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Commentary By Dan Katz

MI Responds: Dan Katz Comments on the June Consumer Price Index Report

Economics Tax & Budget

"Federal Reserve Chair Jerome Powell signaled in Congressional testimony this week that the Fed is likely to cut interest rates later this year. From the Fed's perspective, this inflation report provides another confirmatory data point to proceed with the rate cuts. The Consumer Price Index (CPI) report for June released this morning reveals encouraging progress on inflation. Core CPI fell more than expected to a 0.1% increase month over month. In particular, the deceleration in shelter inflation is promising, though the shift might reflect the reversal of anomalies that boosted shelter inflation in May. Headline CPI was negative on the month, driven by a significant fall in energy prices in June. On a year over year basis, Core CPI rose by 3.3%, the lowest reading since April 2021.  

While the recent low readings of measured inflation are encouraging, putting too much stock in noisy monthly data series can lead to mistaken diagnoses of the economy. Stepping back, across a range of measures, underlying inflation appears to be relatively stable at a level that is higher than the Fed’s stated inflation target. This challenge will become even more clear in the upcoming data as the denominator in year-over-year comparisons picks up the extremely low inflation readings of the second half of 2023. Surveyed inflation expectations remain relatively stable at approximately 3%, materially above the pre-Covid norm. Market-based measures of inflation expectations, such as break evens, also remain materially higher than pre-Covid. Indeed, the Fed’s own summary of economic projections shows that the Fed expects Core PCE inflation to be higher than its target through the end of next year. With scant evidence that higher interest rates are threatening the Fed’s employment mandate or the economy at the aggregate level, the Fed should be wary of signaling the start of a cutting cycle that could threaten to stimulate financial conditions, support persistent inflationary forces, and weaken the market's perception of its credibility on its inflation mandate."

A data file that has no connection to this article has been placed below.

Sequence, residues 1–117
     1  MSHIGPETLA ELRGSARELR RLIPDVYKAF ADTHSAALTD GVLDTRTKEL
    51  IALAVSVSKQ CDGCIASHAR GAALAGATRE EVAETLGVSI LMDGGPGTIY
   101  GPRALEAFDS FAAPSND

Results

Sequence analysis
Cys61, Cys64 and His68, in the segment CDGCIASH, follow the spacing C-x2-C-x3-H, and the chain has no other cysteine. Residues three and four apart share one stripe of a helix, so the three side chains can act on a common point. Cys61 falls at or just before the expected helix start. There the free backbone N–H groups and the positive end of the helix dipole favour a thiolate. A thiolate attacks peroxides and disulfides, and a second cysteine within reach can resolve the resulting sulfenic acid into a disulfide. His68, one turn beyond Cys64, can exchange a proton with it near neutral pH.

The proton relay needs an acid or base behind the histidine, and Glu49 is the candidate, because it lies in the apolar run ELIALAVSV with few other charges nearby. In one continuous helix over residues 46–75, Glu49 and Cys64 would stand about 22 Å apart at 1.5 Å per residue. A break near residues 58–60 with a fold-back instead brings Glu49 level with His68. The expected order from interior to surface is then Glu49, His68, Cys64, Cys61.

Dan Katz, Manhattan Institute Adjunct Fellow. 

Katz previously served as a senior advisor at the United States Department of the Treasury. He has published widely on economic policy, international affairs, and financial markets in City JournalThe Wall Street JournalBloomberg, the Financial TimesBarron’sNational ReviewThe Hill, and the Center for Strategic and International Studies. For a list of his previous writing at the Manhattan Institute, click here

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